“Everyone ready?”

Tom gave Daniel the signal and he locked the door.  We all took a good look around and we couldn’t help but smile.  Six best friends who would do anything to protect the others.  We had been together since we were five years old.  In another six years, we would all stand together to receive our diploma.  To try and explain to our 11 year old selves, the brotherly love that existed between us that day would have been a futile exercise.  But we were brothers.

Then Daniel whispered, “Here we go!” and the room went dark.

We were the good boys.  Not better than others, we just didn’t get into trouble.  The six of us probably made it through High School without even a hint of detention. After graduation, we all went different directions.  Today, Kenny, Daniel, Boz and I now live, either in town or nearby.  Tom and Richard are farther away in body, if not in spirit.  My childhood is filled with memories of these boys.  Their homes and their parents all played a part in who we are.  But then, we were still boys with all the stupidity that boys will have at that age.

Boys are little balls of physical violence, often failing to control their urges as they seek to conform to cultural expectations.  Fisticuffs are generally frowned upon, but boys have an inner need to hit.  We were no different.  Earlier in the school year, we had made an important discovery.  Due to the secluded nature of the annex basement, the six of us would find ourselves alone in the bathroom on many occasions.  Thanks to the lock on the door, our potential to break the rules became greatly elevated in there.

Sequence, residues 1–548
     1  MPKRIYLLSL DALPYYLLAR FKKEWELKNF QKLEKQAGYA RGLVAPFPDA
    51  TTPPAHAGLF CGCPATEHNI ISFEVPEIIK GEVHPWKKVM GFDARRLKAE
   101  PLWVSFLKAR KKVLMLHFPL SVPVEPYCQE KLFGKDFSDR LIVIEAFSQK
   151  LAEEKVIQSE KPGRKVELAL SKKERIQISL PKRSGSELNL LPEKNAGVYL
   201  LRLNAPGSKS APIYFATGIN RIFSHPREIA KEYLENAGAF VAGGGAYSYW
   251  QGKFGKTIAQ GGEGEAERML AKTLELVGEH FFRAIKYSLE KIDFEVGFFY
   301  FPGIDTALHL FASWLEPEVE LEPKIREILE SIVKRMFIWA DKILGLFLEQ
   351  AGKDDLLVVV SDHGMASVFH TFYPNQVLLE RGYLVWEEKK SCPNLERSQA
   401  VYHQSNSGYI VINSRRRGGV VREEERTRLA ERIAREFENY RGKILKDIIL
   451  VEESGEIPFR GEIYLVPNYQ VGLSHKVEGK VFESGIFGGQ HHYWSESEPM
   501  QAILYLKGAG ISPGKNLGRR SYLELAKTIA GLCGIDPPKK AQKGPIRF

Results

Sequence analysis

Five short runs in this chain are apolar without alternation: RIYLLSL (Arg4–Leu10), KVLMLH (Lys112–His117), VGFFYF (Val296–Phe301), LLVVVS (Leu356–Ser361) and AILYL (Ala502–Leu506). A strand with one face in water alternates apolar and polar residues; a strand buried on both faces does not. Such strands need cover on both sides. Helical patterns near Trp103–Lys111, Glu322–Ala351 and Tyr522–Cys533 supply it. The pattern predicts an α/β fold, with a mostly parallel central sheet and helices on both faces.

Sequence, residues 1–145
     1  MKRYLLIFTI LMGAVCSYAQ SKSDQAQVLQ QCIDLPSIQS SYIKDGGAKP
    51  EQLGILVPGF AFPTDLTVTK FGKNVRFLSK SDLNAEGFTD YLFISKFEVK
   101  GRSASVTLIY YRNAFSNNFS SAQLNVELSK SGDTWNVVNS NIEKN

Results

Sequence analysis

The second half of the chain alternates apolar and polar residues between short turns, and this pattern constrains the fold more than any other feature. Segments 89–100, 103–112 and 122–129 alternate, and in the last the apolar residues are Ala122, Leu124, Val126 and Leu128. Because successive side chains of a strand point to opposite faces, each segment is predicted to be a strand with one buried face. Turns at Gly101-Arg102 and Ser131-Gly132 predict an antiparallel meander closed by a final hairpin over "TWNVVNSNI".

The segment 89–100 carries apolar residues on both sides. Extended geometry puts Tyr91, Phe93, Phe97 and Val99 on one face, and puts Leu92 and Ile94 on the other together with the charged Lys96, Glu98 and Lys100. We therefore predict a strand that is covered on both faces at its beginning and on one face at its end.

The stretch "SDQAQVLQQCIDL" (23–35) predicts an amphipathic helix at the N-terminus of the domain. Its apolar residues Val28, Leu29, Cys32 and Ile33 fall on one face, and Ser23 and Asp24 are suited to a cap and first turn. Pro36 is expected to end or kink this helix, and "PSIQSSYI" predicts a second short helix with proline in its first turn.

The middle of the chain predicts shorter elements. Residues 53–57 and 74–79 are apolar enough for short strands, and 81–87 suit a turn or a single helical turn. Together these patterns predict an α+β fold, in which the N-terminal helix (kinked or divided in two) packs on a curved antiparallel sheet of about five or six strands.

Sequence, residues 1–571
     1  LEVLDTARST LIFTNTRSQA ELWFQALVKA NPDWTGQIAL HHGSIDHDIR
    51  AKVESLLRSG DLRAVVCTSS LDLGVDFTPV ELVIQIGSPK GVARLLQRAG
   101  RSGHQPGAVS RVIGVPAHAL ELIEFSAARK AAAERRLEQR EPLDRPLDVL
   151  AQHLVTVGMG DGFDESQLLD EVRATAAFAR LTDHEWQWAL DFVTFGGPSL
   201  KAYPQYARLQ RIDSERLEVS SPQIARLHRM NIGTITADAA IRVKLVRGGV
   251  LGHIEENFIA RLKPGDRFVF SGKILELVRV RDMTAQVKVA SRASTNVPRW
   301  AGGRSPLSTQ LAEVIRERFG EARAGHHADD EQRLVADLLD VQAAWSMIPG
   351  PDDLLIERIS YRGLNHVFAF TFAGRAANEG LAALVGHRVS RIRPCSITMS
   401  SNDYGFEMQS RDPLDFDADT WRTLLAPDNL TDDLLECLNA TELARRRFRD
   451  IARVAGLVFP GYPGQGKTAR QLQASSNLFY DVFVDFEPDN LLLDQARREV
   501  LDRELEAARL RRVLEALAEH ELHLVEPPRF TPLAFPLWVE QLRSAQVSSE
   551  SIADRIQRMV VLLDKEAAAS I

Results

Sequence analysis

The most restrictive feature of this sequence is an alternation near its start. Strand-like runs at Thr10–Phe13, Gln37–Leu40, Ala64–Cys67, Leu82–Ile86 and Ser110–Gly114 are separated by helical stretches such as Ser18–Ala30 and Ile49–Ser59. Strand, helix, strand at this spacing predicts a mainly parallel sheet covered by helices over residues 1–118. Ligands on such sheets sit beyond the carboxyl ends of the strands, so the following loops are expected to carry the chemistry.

The bathroom was a simple setup of one stall with a door and two urinals on the right side and two sinks with mirrors on the left.  One day, Kenny came in while the rest of us were there.  He flipped the light switch, tossing us into darkness.  I can’t say how it happened or who started it, but when Kenny turned that switch off, it was like turning a switch on in us.  We just started flinging punches wildly. 

Pitch black, we couldn’t see whom or what we were hitting.  But neither could any of us see by whom we had been hit.  In the old Batman TV show, the words "BAM!" and "KAPOW!" would show on the screen.  In the dark, the sound of those words took shape around us.

After a few minutes, I told the guys, “Hey, that’s enough guys.  Stop, stop, stop. I’m gonna turn the light back on, so stop.”  Thinking of what would happen to us if anyone was hurt badly; I wanted to have a look.  I paused for a few seconds then I flipped the lights on.